Alexandre da Cunha uses utilitarian objects to mimic and embellish the gestures of historical abstraction. Mops pose on pedestals to impersonate Constantin Brancusi’s columns, baking trays dangle from curtain hooks in imitation of Alexander Calder’s mobiles, and toilet plungers masquerade as precious vases that slyly wink at Marcel Duchamp’s urinal. The concept of the “assisted readymade” Duchamp pioneered in 1913 is the foundation for da Cunha’s playful elevation of prosaic products. As a student, da Cunha was influenced by the modernist architecture of Rio de Janeiro and was educated in the sensuous geometries of Neo-concretism in São Paulo. Although he emigrated to London to pursue graduate work at the Royal College of Art and the Chelsea College of Art, and has lived there ever since, he embraces Brazilian aesthetic strategies of recycling, reuse, and improvisation.

Of the many household items he repurposes—beach towels, skateboards, deck chairs, hockey sticks, canvas awnings, flowerpots, and straw hats—da Cunha works most extensively with mop heads. Bust XXXV is part of his first body of work based on the mop, the series Busts, 2008–12. In these works, long strands of dyed wool are knotted to the ends of upside-down mops, the handles of which are planted in concrete plinths. Da Cunha’s title for the series signals the figurative presence of the mops and links them to a classical genre of sculpture. Mops symbolize cleaning, a process that da Cunha considers meditative and reinvigorating, though their deployment also alludes critically to the labor conditions of domestic and janitorial workers worldwide.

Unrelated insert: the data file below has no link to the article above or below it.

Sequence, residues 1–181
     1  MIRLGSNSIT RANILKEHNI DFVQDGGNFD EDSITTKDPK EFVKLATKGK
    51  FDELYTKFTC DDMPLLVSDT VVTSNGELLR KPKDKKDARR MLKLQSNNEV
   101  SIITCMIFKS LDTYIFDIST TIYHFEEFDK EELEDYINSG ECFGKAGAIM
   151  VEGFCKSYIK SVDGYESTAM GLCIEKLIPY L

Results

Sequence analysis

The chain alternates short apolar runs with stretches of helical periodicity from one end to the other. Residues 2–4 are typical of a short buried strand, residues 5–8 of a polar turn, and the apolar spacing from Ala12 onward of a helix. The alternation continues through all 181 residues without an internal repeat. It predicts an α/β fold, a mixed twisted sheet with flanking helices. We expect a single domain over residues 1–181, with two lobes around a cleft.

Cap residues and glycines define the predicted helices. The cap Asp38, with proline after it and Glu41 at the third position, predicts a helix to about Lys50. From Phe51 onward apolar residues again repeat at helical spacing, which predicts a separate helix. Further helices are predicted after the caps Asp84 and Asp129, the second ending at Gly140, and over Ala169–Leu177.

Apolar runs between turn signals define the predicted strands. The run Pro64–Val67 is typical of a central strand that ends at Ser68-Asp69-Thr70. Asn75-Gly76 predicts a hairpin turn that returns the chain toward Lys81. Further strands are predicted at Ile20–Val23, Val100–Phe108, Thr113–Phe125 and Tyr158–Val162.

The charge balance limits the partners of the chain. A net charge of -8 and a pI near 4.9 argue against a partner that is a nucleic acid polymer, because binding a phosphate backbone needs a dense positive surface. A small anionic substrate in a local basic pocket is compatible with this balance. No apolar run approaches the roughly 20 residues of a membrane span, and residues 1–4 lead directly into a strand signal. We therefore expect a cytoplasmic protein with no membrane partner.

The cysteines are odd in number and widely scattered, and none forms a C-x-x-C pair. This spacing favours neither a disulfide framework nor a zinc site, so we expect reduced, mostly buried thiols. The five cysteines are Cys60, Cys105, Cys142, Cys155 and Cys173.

Bust XXXV was acquired from the landmark exhibition Fiber: Sculpture 1960—present at the ICA/Boston, along with works by Josh Faught, Françoise Grossen, and Sheila Hicks, and inscribes the exhibition program within the collection. Bust XXXV has additional resonance with figurative works in the collection by Louise Bourgeois, Rachel Harrison, and Eva Hesse.